It Is the Gloaming

Camille is not going to make it, no matter how hard she tries. Thunderstorms keep rolling through Houston, Southwest will not finish the final leg to Corpus Christi. She has called several times to explain, the last time in tears. She tells his mother, “I hope he is not waiting for me.”

“Let’s do this. I will put my Bluetooth on his ear and you can say goodbye. Just call back in five minutes or so.”

He sits in a chair next to the hospital bed in his parents’ room. His mother digs the Bluetooth out of a drawer, lights it up, tests it. She looks at him.

“Maybe you should talk to him after Camille. Remind him that you are here and that Stephen and Ruthanne are too and that it’s okay if he goes.”

He nods. She puts the Bluetooth on his father’s ear. A minute later, it lights up. He can hear words being said but not the specific words. Then his mother pulls off the Bluetooth and puts it on her ear.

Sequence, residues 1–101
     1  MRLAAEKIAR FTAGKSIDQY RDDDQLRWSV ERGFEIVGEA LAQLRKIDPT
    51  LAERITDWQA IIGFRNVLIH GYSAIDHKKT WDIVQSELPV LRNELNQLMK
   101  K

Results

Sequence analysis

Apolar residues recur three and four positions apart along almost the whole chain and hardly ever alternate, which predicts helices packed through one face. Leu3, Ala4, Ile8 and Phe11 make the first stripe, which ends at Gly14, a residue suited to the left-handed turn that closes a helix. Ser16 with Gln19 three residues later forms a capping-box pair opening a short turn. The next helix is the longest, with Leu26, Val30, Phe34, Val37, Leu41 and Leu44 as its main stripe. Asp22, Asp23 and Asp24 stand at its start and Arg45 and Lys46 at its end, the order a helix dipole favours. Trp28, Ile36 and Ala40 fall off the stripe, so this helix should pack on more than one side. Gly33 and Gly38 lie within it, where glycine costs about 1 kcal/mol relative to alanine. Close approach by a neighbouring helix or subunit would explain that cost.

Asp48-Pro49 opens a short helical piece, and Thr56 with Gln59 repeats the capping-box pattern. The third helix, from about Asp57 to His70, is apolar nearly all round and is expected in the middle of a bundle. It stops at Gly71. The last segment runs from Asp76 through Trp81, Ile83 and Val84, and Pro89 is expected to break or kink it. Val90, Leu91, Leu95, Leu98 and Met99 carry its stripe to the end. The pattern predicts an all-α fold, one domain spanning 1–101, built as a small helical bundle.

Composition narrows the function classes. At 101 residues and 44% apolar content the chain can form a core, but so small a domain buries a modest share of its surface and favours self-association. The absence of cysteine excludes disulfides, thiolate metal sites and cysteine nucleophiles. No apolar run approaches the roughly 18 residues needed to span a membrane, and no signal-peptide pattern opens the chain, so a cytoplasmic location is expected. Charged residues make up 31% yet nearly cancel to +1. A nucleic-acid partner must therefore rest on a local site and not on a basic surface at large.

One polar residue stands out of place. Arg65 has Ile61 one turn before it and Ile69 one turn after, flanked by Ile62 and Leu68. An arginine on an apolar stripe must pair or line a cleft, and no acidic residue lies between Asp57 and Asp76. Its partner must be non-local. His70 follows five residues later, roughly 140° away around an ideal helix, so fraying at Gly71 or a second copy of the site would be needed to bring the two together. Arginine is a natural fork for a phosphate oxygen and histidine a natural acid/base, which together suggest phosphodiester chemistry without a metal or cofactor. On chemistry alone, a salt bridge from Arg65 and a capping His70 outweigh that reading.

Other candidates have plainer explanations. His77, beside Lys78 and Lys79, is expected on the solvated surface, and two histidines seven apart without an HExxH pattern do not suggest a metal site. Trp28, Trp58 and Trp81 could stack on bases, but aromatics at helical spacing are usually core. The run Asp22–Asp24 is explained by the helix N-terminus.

“You said everything you want? Ok, good. Yeah, we will keep you posted.”

He goes around to the other side of the bed, puts an arm around his father, and leans to his ear.

“Dad, Camille’s plane isn’t going to make it, but she doesn’t want you to wait for her. All your kids are here—Stephen, Ruthanne, and me. You don’t need to hang on any longer. You can go.”

His father’s mouth hangs open and his breathing is gurgling and raspy. His father lifts his thin left arm, his left hand hanging limply. His father moves it up and down and for the next two years the man will believe that his father was annoyed and waving him off, that he didn’t have the strength to listen to anything anymore.

At 6:30 pm, he is sitting in the front room with Stephen and Ruthanne when his mother says from the bedroom, “I think you all had better come in.”

At 6:32 pm, March 10, 2008, his father takes one last deep, shuddering breath, then goes quiet. The sunlight through the shades is dim—it is the gloaming.

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